One specific form of the DoS attack is the Coordinated SYN DoS attack (CSDoS). In this attack, several malicious hosts, working on a coordinated basis and therefore operating essentially simultaneously, send only SYN packets (which are the first packet in the TCP connection establishment protocol) towards an intended victim server, using forged sender IP addresses. In this way, the attacker creates both a very large amount of entries in the victim server's TCP connection table, as well as a very high load on the links that connect that server to the Internet. The use of forged sender IP addresses makes the server send its SYN/ACK packets (which are the TCP reply packets to SYN packets) to non existing addresses, and thus the entries in the connection tables stay until they are timed out. In addition, there is no easy way to find out the addresses of the comprised malicious hosts, thus preventing an effort to filter out packets from these hosts.

RFC 2827 talks about these attacks and suggests ways to block packets with forged sender IP addresses. The manufacturers of layers 4-7 switches1 promote the use of these devices to filter out unwanted traffic and for load balancing that can be used to alleviate the load from a Network Intrusion Detection (NID) systems. However, these techniques have not been successful because the efficacy of ingress filtering (as described in RFC 2827) and like techniques depends heavily on voluntarily cooperation from every individual network in the Internet. Furthermore, such approaches are costly to operate, and are subject to the negative effects of misconfigured access lists. 1There is often some confusion regarding terminology among experts in the field, relating to layer 4 and layer 7 switches. In this specification, “layer 4-7 switches” refers to this type of devices, in general. Where there are differences between layer 4 and layer 7 switches, these differences are pointed out.

SUMMARY OF THE INVENTION

In accordance with one embodiment of the present invention, existing Internet content delivery infrastructure, which includes a network of interconnected programmable layer 4-7 switches, is modified in order to fight coordinated SYN denial of service (CSDoS) attacks. During normal operation, the layer 4-7 switch is arranged to divert a small fraction of SYN packets originating in one or more clients and destined to various servers, to a web guard processor. The web guard processor serves as one terminating end of a first complete TCP connection with the client originating the packet, and, upon the establishment of this first TCP connection, opens a new TCP connection to the server and transfers the data between these two connections. It also monitors the number of timed-out connections to clients of each server. When a CSDoS attack is in progress, the number of the forged attack packets and hence the number of timed-out connections increases significantly. If this number exceeds a predetermined threshold amount, the web guard processor declares that this server is under attack. It then reprograms the switch to divert all traffic (i.e. SYN) destined to this server to the web guard processor, or to delete all SYN packets to the server in question. If the number of timed-out connections increases, it can also inform other web guard processors, and/or try to find the real originating hosts for the forged packets. In either event, the server is thus shielded from, and does not feel the effects of, the DoS attack.

In accordance with another embodiment of the present invention, a network of interconnected layer 4-7 switches is enhanced to improve its ability to thwart CSDoS attacks, by arranging the switches to forward SYN packets to respective TCP proxies that each operate without an associated cache, and are therefore inexpensive to install and operate. These TCP proxies, when subject to a CSDoS attack, will not successfully establish a TCP connection with a malicious host, due to the nature of the attack itself. Accordingly, no connections will be made from the TCP proxies to the server under attack, and the server will be protected.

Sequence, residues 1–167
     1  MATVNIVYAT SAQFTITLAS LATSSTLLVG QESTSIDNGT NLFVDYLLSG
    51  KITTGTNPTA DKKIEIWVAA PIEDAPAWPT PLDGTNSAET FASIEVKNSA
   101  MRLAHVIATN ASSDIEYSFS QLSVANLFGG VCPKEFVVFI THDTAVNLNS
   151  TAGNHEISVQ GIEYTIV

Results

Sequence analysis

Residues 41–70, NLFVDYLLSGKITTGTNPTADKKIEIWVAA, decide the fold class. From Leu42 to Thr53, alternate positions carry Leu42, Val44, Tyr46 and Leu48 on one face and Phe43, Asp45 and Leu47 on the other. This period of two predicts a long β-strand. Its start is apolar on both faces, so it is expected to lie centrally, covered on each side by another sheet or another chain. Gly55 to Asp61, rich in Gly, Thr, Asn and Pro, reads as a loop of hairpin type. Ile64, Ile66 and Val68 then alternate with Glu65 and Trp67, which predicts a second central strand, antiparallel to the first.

BRIEF DESCRIPTION OF THE DRAWING

The present invention will be more fully appreciated from a consideration of the following Detailed Description, which should be read in light of the accompanying drawings in which:

FIG. 1 is a block diagram of the infrastructure elements presently found in the Internet;

FIG. 2 is a block diagram similar to FIG. 1 showing a web guard processor 201 arranged in accordance with the principles of the present invention to work cooperatively with switch 131; and

FIG. 3 is a flow diagram of the process performed in web guard processor 201 of FIG. 2.

DETAILED DECRIPTION

In order to put the present invention in the appropriate context, it will be helpful to first review the infrastructure elements presently in use by context delivery companies and Internet Service Providers (ISPs) to provide fast and reliable delivery of information to users over the Internet. Referring to FIG. 1, a group of users or clients 101-104 are shown at workstations or home computers that are connected to various elements in the Internet 100. Internet 100 includes a plurality of interconnected routers 150-154, and layer 4-7 switches 130-132. The arrangement and capabilities of these elements is well known to those skilled in the art. Examples of level 4 switches are switches in the IPWorX™ WebDirector family available from Lucent Technologies. Examples of layer 7 switches are the switches in the AppSwitch™ 3500 family available from Top Layer Networks. In FIG. 1, client 104 is shown as being connected to Internet 100 via a router 140 within an Intranet 141. This arrangement is meant simply to illustrate that the Internet is not a unitary arrangement, but consists of many interconnected individual networks of elements, some of which are referred to as Intranets or private networks. Likewise, in FIG. 1, a server 120 within an Intranet 122 is shown as being connected to Internet 100 via a firewall 121. Here again, this depiction is illustrative of the fact that content is contained on servers like server 120 within the networks (Intranet 122) of content providers, and that some protection is currently afforded by software arrangements such as firewall 121 which try to block unauthorized access. Server 120 can be the victim of a coordinated denial of service attack that the present invention is designed to prevent.